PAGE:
Re: And how's about "periphony"? (was: Apophony?)
|From:||Raymond A. Brown <raybrown@...>|
|Date:||Thursday, April 29, 1999, 6:04|
At 4:38 pm -0500 29/4/99, Tom Wier wrote:
>"Raymond A. Brown" wrote:
>> At 2:30 am -0500 29/4/99, Tom Wier wrote:
>> >"Raymond A. Brown" wrote:
>> >> But if the German word is being discarded for an 'internationally'
>> >> Greek-formed calque, has the same happened to that other vowel
>> ..and I've discovered why - the Greek term this time is not an exact calque
>> of the German, but uses a rather more meaningful prefix. I've been told by
>> a privare email that it's "metaphony".
>> That IMO is a sensible term since not only does meta- imply change but it
>> is derived from the ancient Greek 'meta' = "after". And umlaut, of course,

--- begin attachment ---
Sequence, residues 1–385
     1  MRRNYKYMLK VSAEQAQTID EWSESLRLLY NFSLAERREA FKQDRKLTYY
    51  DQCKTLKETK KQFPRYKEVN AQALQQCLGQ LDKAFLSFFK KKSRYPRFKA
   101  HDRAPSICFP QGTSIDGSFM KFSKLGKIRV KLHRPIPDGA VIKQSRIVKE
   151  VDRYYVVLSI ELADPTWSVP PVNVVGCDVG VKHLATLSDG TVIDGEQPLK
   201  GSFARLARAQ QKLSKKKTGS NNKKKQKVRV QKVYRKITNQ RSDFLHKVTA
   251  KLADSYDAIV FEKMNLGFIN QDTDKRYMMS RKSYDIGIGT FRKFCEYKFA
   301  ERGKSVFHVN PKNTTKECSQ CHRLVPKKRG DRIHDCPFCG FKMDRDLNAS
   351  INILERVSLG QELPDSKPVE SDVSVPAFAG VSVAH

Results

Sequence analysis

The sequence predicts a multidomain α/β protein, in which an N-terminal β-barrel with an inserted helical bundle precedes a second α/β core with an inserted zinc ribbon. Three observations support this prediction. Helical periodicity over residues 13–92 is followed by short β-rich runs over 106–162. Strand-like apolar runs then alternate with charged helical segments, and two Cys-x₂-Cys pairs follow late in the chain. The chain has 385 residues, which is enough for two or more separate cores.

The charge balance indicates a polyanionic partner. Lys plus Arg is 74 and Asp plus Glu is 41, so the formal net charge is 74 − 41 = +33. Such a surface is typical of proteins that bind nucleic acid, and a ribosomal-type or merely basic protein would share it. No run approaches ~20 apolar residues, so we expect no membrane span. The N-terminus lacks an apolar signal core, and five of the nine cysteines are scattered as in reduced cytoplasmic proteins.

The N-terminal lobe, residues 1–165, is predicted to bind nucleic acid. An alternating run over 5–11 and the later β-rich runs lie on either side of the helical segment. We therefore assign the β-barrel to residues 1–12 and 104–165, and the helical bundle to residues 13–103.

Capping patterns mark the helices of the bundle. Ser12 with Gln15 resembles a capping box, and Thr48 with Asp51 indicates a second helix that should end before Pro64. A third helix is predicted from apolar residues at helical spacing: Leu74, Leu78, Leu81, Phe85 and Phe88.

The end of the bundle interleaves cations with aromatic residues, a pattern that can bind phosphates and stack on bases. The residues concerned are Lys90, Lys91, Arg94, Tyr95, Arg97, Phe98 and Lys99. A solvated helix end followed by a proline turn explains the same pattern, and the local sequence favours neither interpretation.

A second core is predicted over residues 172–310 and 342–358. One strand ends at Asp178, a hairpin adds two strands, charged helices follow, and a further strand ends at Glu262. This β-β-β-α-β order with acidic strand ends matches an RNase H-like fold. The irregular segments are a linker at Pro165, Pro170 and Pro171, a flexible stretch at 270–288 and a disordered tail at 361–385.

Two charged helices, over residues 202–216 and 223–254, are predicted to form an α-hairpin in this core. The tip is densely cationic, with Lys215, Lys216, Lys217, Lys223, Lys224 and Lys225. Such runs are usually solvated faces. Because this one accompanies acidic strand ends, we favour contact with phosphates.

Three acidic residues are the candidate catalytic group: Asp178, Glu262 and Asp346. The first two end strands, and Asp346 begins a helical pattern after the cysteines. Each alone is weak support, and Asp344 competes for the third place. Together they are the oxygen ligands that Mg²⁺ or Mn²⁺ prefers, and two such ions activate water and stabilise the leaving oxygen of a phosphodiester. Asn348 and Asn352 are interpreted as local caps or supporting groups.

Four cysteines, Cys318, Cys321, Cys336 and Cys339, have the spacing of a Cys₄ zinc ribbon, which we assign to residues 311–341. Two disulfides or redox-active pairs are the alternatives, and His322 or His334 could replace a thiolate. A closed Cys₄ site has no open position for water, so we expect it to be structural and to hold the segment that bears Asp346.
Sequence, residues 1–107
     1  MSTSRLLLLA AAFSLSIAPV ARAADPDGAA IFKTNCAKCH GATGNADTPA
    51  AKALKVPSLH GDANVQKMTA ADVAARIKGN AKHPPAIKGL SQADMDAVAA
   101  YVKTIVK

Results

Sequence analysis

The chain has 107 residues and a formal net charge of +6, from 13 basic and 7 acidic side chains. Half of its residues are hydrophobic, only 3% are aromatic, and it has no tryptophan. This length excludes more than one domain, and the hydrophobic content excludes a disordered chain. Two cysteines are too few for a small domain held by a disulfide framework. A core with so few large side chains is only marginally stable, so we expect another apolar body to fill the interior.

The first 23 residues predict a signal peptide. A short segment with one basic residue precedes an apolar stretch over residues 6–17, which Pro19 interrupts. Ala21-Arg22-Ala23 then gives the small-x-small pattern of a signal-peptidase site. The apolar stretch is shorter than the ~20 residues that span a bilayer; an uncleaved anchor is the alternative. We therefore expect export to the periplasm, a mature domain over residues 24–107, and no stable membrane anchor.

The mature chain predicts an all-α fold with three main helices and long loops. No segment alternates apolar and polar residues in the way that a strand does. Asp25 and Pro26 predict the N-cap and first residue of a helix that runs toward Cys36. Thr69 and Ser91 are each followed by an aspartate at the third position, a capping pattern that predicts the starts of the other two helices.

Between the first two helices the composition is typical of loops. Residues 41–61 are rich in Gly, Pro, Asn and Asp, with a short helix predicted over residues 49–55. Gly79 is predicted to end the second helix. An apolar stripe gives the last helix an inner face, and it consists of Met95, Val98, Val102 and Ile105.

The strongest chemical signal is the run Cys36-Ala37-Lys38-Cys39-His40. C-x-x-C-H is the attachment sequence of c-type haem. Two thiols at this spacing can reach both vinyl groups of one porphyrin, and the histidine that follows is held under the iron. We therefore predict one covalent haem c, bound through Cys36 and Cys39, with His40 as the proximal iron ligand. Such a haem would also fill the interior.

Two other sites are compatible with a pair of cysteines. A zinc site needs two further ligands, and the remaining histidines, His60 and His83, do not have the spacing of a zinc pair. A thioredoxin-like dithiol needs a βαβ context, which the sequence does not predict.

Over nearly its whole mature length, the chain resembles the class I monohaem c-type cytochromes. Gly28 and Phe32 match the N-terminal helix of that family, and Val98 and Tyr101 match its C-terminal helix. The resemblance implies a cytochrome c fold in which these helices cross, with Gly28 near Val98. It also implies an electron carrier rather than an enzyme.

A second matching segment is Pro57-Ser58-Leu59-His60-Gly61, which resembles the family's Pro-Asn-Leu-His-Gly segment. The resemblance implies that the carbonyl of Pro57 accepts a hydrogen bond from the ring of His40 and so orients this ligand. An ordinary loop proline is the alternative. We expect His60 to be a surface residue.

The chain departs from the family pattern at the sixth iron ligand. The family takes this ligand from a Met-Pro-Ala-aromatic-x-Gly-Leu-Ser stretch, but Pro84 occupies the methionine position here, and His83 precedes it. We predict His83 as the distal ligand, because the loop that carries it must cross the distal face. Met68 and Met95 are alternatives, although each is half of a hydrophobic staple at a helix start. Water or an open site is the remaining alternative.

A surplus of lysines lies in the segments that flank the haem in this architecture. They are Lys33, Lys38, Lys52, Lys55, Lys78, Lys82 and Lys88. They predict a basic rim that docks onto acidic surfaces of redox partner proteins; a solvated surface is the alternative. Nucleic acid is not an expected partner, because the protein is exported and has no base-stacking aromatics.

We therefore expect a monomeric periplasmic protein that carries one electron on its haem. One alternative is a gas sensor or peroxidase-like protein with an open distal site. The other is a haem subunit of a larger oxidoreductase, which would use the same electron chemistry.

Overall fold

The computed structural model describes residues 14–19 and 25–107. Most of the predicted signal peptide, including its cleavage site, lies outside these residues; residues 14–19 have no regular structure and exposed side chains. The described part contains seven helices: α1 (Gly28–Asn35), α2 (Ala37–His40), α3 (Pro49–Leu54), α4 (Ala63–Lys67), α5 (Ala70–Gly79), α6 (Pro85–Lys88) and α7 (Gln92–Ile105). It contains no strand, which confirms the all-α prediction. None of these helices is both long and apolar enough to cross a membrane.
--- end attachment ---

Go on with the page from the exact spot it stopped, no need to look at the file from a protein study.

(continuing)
>> is a change of vowel caused by a (usually) lost vowel that came in the
>> syllable _after_ the affected vowel.
>Right, but then, that's just because that's by a process of anticipatory
>assimilation (via vowel harmony), which though the more common form
>of assimilation does not mean that all umlauting is anticipatory -- it could
>be regressive, too (and therefore "around" IMO works fine too).
I've not come across 'regressive umlaut' - Does it occur?
And I've always understood "vowel harmony" and "umlaut" to be two different
phenomena (Wasn't there a thread on this not so long ago?)
By vowel harmony I've understood the phenomenon where by the vowel(s) in
the root morpheme (or base morpheme) determine the vocalization of its
affixes. The classic examples are languages like Finnish, Magyar & Turkish
where vowel harmony occurs in the suffixes. But another type of vowel
harmony is found among some African languages where prefixes are affected
as well as suffixes.
But umlaut I've understood to be the opposite: the vocalization of the
_root_ morpheme is change as the result of anticipating the vocalization of
a suffix which then, usually, disappears.
But on checking "metaphony", which I discover is in one of my reference
books, I see it covers both what I understand by umlaut & by vowel harmony.